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This feature image is provided by Peter Steetz of Calgary, Canada. Peter does superb sheet metal work in Canada and you can see some of his work on his website.
This tool is not to be confused with a pair of snips. Its purpose is to cut metal that results in a slot. A pair of snips will creates a much finer cut. The nibbler is helpful for eaves details on standing seam panels. When a slot is created, it creates space where metal can bend more easily. The cut is especially clean. This tool is also a general all-purpose cutting tool for removing material. You’ll find yourself reaching in your tool belt more often for this item if you have it.
This is the go-to sheet metal hand tong. Most tongs made for strength on the market have a 1″ depth. Then you’ll find the inferior quality hand tongs with the springs that have 6″ widths and 2″ depths. That may be fine for HVAC duct work, but what happens when you encounter 24 gauge steel? The 45° cut on the tong is useful for This tong possess the strength and depth that makes it the most utility hand tong on the market. How can you not own this all around bending tool?
The Wedged PVC is the standard for a tinner’s hammer. Its light weight and durable nature make it an excellent non-marring, and non-fatiguing, hammer over the course of the work day. Dead blow hammers tend to be heavier and clunky. You’ve probably seen the 2″ dead blow hammer which weighs 2 lbs, but did you know that there is an 1 1/4″ diameter hammer? Coming in at just over a pound, this tool is perfect for precise hits and won’t damage the metal. This hammer is a well-rounded complement to the wedged hammer.
Are you still using your 10′ brake to make tiny cleats? It’s time to invest in a cleat former that will pay off quickly. The fixed cleat former is available in 2 heights, 1″ or 1.5″. Note that this machine will not produce expansion clips. Expansion cleats are generally required for any panel runs of over 30′. Always refer to your panel manufacturers recommendation for what cleats to use with your roofing system. Follow these steps to make perfect cleats for standing seam roofing panels.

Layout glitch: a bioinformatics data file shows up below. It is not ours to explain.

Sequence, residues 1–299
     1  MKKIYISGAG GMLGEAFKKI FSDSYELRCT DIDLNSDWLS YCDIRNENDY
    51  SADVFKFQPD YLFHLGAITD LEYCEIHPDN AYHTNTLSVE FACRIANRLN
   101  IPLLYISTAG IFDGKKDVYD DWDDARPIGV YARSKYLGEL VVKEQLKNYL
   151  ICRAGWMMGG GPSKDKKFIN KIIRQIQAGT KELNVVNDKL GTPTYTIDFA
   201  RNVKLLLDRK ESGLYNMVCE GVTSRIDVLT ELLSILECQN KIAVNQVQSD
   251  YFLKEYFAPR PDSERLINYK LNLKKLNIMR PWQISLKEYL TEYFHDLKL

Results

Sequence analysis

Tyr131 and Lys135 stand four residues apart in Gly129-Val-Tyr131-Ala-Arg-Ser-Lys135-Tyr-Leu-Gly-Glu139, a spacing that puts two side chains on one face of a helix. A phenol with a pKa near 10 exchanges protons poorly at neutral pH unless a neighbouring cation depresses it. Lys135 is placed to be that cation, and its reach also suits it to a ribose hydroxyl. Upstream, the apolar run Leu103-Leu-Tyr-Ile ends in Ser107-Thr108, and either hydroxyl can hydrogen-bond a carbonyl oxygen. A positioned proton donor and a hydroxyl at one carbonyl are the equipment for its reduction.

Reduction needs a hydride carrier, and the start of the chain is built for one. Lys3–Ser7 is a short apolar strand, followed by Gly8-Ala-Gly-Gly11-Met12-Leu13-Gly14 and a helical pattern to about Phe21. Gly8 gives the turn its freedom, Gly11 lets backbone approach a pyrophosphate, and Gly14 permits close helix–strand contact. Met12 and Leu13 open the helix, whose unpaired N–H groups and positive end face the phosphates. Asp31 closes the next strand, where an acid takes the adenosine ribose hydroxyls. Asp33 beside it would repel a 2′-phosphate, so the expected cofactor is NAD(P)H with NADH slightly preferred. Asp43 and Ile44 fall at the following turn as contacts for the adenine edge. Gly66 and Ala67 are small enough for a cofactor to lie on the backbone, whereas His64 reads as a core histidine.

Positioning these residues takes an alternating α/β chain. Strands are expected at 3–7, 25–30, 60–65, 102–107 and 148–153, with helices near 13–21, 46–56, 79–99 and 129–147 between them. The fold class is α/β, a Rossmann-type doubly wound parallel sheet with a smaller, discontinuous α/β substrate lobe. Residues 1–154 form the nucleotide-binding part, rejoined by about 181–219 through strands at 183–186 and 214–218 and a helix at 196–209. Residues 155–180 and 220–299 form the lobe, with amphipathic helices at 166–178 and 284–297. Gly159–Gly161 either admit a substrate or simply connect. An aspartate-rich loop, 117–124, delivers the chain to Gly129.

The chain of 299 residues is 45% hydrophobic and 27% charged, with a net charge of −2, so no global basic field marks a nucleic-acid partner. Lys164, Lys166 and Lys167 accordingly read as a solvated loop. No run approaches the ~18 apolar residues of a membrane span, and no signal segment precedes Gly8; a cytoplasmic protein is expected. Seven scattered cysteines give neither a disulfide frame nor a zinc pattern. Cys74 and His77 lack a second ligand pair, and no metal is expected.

- Pre-cut the material to 1.5″ x 3″
- Insert said material into machine
- Pull handle
- Produce clip for 1″ (or 1.5″) standing seam that already have two holes pre-punched
Have you read the latest article in Metal Roofing Magazine highlighting the SeamSAFE Roof Anchor and Bracket? It’s a ringing endorsement of the SeamSAFE products. You can subscribe for free to the magazine.
Note: at least 2 SeamSAFE brackets and anchors are required to set up staging. This is being mentioned because it’s important to note that every bracket needs an anchor. There are very few items on that market that work to stage a pitched standing seam roof. The cream of the crop is the Ultimate Standing Seam Bracket but, it’s $1,900 to get started. The SeamSAFE anchor and bracket are an affordable alternative and offer the same safety as they meet the OSHA/ANSI 3rd party tested, universal fit component system.